But the officer differed with the survivor on how the suspects found themselves with the Police and how they died.

On his part, Magistrate Soka Banda said: “I know the seven suspects; I released them on bail because their case was not making sense. Their case was about being found with some metals and planning to rob some Burundian shop in Zomba.”

Banda said he had no idea that the suspects were 11 in total.

He said of the seven, only two walked out on bail, saying some were still on remand because they had cases with other magistrates or failed to meet bail conditions.

The seven suspects, according to court records, are Moses Ajidan, Twaibu Kalonga, John Masamba, Aubrey Austin Thepeya, Alfred Mbengo, Limbani Mafaiti and Limbani Chagoma.

Thepeya, one of the seven survivors, speaking to Weekend Nation from Chichiri Prison on July 13 2018, said he was the one who informed Sakhumwa’s family of his death.


The roundup

Thepeya said he and the other 10 were arrested in connection with some gardening materials—a hoe, a pick and a shovel—that police found in Thepeya’s house.

Thepeya claimed the episode started with the picking of his friend Limbani Mafaiti on June 15 2018. He alleged that the friend led the police officers to his house, after they asked him where he was going.

“They searched my house and found a hoe, a pick and a shovel. They asked me why I was keeping those ‘weapons’. I told them the tools belonged to a friend.

“In the morning of June 16 police took us to Limbe where the owner of the ‘weapons’ was called and was immediately arrested. From then any person who made a call to this man was invited to Limbe, at Soche Bus Stage, where they were all arrested. In total, 11 people were arrested,” Thepeya said.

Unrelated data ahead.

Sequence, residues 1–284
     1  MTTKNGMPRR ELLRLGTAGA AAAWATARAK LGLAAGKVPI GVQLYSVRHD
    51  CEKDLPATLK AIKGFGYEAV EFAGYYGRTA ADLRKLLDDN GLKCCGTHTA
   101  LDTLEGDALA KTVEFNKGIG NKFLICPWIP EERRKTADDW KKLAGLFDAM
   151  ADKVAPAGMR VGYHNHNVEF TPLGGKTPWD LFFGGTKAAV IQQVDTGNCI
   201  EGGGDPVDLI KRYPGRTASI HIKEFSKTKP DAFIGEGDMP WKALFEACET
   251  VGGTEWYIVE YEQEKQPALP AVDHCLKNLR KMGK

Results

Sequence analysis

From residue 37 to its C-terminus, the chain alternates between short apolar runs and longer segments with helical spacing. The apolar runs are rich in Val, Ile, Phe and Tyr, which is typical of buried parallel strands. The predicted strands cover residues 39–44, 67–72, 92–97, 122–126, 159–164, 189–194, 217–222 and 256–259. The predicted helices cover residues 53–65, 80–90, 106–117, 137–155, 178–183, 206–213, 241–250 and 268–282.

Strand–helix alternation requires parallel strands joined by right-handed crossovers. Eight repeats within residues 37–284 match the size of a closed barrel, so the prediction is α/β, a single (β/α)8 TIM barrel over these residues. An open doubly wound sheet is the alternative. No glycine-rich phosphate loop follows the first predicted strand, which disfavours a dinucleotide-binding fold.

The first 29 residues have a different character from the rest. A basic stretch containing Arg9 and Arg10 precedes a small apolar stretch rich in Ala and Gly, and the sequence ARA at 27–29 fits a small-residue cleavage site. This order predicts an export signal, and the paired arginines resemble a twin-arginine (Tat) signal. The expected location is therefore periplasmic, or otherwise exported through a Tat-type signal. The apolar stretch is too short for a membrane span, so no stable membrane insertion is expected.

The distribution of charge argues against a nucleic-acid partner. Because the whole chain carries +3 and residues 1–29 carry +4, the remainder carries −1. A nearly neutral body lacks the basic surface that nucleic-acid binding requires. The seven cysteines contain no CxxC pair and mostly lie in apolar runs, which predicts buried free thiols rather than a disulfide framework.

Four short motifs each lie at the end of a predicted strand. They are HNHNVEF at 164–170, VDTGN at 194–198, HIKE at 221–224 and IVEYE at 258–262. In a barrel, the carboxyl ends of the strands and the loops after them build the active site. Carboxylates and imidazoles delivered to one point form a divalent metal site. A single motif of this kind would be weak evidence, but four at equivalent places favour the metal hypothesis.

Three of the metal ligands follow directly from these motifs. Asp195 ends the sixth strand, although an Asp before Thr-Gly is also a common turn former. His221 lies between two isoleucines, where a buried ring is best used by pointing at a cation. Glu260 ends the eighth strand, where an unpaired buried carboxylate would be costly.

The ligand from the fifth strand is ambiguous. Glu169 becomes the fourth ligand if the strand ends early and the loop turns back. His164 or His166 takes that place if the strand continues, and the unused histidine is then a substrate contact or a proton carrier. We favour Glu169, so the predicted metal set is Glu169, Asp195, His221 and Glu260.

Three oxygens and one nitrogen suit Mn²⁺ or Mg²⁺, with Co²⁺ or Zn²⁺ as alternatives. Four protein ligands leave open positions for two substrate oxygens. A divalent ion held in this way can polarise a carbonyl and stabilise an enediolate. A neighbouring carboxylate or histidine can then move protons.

He said the operation started at around 7am and the last person was arrested at around 4pm.

“We were then taken to Soche Police where six people were put in a cell,” he said.

Thepeya claimed they proceeded to Chilobwe Police where one of the CID officers at the station told the Blantyre Police team of about eight officers that he (Thepeya) should remain at Chilobwe Police while the others were taken away.

“That’s how I survived. The same officer who asked that I be locked up at Chilobwe Police informed me later that the four who were taken away in a personal car belonging to one of the police officers in Blantyre, had been killed,” he said.

He was later taken to Chichiri Prison where he accessed a phone and informed Sakhumwa’s wife about her husband’s death.

Baffled spouses

In an interview, Humphrey Sakhumwa’s widow, Florence Sopo, claimed that her husband of 16 years and father of two, disappeared on June 16 2018, when he left home at around 10am, after telling her sister-in-law (Sakhumwa’s sister) that he had gone to Limbe.

“I was not at home when he left. Then I started calling him. After about four calls went unanswered, he picked the fifth call, telling me that he was in Limbe and would call me back.

“By around mid-night, the phone went off,” she said.

Sopo said in the morning of May 17 2018, she went to Sakhumwa’s friend, Dave Zembele, to enquire about her husband’s whereabouts, only to be met by Zembele’s wife who told her that her husband, too, was not picking his phone.